Until dormitories are renovated, policies, questions over air conditioners will remain
By Leslie Shirk
The lottery pool for an air conditioner has become increasingly difficult this year. As the trend usually goes, when the demand increases, the supply should. Unfortunately, since the demand has increased, the approval rate has decreased, leaving many students in a tight and, quite often, unhappy health situation.
The protocol for air conditioning is as follows, according to student handbook: “students are allowed to have air conditioners if they have a documented medical note, a genuine need which is decided by Health Services, and they must submit their forms to Health Services by a specific date to qualify.”
So what happens when a student goes through this process and is then denied? The said student is out of luck until the following semester.
“My Freshman year, my allergies were really bad in the fall, but in addition, I get migraines if I’m too overheated, and get really sick, so I got a note from my doctor and filled out all the forms. The RA approved, then with room checks she said to hide it?then I got the e-mail from Residence Life denying it,” comments Casey Crough, a sophomore.
“I shouldn’t have girls coming up to me asking if they can have air conditioners because they should already have clearance and know if they do and can prove it, because then it puts more stress on the Area Coordinator over and over again,” says Resident Assitant, Anna Conley, a sophomore.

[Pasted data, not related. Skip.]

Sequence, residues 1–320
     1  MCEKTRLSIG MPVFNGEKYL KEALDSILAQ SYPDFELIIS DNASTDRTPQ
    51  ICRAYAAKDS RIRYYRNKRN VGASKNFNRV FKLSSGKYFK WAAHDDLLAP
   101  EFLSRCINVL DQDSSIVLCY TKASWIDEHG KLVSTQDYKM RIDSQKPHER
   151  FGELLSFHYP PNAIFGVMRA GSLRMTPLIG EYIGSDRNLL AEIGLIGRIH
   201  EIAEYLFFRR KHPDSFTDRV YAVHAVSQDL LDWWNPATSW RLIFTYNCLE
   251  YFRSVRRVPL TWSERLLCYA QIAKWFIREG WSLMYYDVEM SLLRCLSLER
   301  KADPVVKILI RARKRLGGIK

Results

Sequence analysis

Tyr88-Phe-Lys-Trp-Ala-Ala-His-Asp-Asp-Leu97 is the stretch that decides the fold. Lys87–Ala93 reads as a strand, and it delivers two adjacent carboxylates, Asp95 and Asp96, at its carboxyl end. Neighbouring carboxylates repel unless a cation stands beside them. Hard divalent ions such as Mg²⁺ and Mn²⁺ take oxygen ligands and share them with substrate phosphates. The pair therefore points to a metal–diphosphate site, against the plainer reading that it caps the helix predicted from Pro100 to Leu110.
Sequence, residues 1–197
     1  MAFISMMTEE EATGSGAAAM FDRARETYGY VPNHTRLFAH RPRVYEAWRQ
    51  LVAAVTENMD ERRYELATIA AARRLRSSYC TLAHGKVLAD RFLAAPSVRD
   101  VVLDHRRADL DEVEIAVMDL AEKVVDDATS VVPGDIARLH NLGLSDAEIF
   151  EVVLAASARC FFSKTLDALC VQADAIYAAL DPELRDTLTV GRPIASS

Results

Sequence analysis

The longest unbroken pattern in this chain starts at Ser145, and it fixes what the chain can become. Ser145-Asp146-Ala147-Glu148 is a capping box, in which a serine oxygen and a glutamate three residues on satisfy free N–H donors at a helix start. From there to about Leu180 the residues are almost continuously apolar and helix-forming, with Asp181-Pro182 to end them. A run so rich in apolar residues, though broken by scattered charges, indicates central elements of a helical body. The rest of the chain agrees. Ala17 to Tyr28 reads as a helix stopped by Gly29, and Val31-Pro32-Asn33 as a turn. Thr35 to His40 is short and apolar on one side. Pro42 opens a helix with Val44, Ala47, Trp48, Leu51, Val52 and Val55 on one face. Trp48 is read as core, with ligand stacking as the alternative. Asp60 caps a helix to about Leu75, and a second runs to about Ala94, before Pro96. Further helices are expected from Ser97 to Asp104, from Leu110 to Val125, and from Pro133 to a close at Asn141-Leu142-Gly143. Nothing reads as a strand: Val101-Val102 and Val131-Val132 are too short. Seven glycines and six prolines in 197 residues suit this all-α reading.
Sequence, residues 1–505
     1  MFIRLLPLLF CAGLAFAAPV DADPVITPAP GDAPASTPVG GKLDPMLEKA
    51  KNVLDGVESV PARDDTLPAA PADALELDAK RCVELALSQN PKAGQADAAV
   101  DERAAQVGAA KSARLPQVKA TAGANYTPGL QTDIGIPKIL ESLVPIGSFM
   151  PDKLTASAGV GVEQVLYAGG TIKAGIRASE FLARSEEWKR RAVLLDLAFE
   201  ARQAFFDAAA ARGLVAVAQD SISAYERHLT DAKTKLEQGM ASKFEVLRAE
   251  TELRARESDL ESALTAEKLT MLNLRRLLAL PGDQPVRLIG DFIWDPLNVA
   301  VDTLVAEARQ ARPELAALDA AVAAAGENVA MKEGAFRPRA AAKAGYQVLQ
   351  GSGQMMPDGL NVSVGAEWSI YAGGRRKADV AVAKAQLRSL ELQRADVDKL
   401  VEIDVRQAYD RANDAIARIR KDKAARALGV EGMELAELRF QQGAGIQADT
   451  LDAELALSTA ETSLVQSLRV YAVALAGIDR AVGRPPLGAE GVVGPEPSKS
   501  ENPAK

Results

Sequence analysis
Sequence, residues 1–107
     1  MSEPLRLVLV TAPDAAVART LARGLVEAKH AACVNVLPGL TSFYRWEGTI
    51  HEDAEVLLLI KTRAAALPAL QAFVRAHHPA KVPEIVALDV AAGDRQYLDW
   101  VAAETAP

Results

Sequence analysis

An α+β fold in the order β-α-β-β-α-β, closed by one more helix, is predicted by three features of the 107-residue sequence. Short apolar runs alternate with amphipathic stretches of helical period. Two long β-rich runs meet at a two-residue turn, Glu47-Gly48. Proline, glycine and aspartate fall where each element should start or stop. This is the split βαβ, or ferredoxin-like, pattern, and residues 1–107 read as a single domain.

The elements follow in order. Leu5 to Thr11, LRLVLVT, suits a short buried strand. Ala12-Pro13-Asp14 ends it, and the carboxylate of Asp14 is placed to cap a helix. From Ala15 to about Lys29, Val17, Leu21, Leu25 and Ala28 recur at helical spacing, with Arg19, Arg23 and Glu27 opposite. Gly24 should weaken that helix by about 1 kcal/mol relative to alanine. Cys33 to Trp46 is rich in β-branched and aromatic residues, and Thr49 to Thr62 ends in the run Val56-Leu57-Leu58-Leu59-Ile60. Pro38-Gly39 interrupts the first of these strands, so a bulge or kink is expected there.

Many students are denied simply because, “the electricity bill is just too high to accommodate everyone who wants an air conditioner, and the building will just shut down if there’s too many [air conditioners] in the building. It just becomes a real balancing act,” says Joan Lusby, the Physician’s Assistant in Student Health Services.
“I think if people who have a legitimate doctor’s note, they should be able to get an air conditioner. I dealt with not having one my Freshman year, by having five fans,” adds Crough.
“It will change from year to year, if more life threatening cases arise, people will get bumped, who otherwise would’ve been approved,” adds Lusby.
Several students tend to disregard what Residence Life approves or denies and instead keep their air conditioners, only removing them if caught. As many students know, most of the RA’s hate to be the ones to tell them that they have to either take them out or that they will be charged.
“I know people who have them who need them, and have to tell them to take them out. I realize the side effects of not having an air conditioner, and yet I know we can live without it too. But to be fair, I wish the entire building [ANW] had it, and since I represent Residence Life, it reflects poorly on me,” notes Conley.
On the other end of the spectrum, there are students who also claim that they need an air conditioner, when in fact, they have no medical inhibiter to keep them from being healthy without one. In essence, they try to abuse the system.
“I feel as if people don’t need air conditioning around here?people are more spoiled than they realize and can learn to live without it,” says junior Anna Donaldson.
It’s partially for this reason, as well as those who have the most significant need for one, that the selection order is made. Obviously Residence Life cannot accommodate and please everyone, but the general consensus among students is that there should be a more organized and straightforward process for air conditioner selection.